International Mountain Day 2023: Know the date, theme, history, significance, and all you need to know about this day
International Mountain Day 2023: Learn all about International Mountain Day, its date, this year's theme, history and significance inside.
International Mountain Day is an annual celebration designated by the United Nations General Assembly. It has been observed every year since 2003 to create awareness about the importance of mountains in our lives, highlight the opportunities and constraints in mountain development, and build alliances that will bring positive change globally to people and the environment in the mountains. Mountains are our natural jewels. Moreover, they are home to 15% of the world's population, host about half the biodiversity hotspots of the world, and provide fresh water for everyday life to half of humanity to sustain agriculture and supply clean energy and medicines. Scroll through to learn more about International Mountain Day, its correct date, the theme for this year, and why we should safeguard mountains for a better future.
International Mountain Day 2023 Date and Theme:
International Mountain Day falls on December 11. This year, it is on Monday. The theme for 2023 is Restoring Mountain Ecosystems. It aims to increase awareness about the relevance of mountain ecosystems.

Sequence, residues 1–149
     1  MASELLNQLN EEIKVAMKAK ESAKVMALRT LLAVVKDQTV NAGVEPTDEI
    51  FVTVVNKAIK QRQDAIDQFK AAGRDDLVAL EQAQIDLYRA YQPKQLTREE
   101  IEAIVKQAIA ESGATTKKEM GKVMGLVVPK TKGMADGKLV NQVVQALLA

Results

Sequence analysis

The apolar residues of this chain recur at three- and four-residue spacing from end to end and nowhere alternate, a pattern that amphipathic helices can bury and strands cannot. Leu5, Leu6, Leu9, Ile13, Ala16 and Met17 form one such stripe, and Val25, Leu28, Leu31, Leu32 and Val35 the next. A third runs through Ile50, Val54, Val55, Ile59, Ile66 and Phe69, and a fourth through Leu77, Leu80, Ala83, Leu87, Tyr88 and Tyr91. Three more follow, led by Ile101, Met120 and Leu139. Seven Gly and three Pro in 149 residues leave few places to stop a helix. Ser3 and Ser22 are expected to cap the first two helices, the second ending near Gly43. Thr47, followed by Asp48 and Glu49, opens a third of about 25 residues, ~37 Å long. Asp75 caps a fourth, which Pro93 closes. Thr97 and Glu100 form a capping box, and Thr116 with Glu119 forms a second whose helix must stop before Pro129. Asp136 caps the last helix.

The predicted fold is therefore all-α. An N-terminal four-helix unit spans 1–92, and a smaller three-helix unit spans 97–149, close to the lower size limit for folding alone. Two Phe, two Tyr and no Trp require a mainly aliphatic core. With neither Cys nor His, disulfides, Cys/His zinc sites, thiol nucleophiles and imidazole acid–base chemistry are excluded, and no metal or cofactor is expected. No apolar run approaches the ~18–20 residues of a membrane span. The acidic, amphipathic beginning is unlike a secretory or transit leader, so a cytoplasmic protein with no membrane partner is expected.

International Mountain Day History and Significance:
According to the United Nations official website, the United Nations headquarters in New York launched the International Year of Mountains on December 11, 2001. Later, in 2002, the International Year of Mountains was marked with the aim of raising awareness and triggering action on issues relating to sustainable mountain development. On December 20, 2002, the UN designated December 11 as International Mountain Day. They urged the international community to take proper steps to ensure sustainable mountain development. The first International Mountain Day was then observed on December 11, 2003. Each year, a theme has been assigned to this day which focuses on various issues, including freshwater, peace, biodiversity or climate change.
Mountains cover around 27 per cent of the Earth's land surface and host about half of the world's biodiversity hotspots. They also provide freshwater to an estimated half of humanity. They are also home to an extraordinary range of plants and animals and many culturally diverse communities with different languages and traditions. Yet, mountains suffer from the climate change impacts. Therefore, it is important to observe International Mountain Day to remind international communities to take measures to safeguard their biodiversity.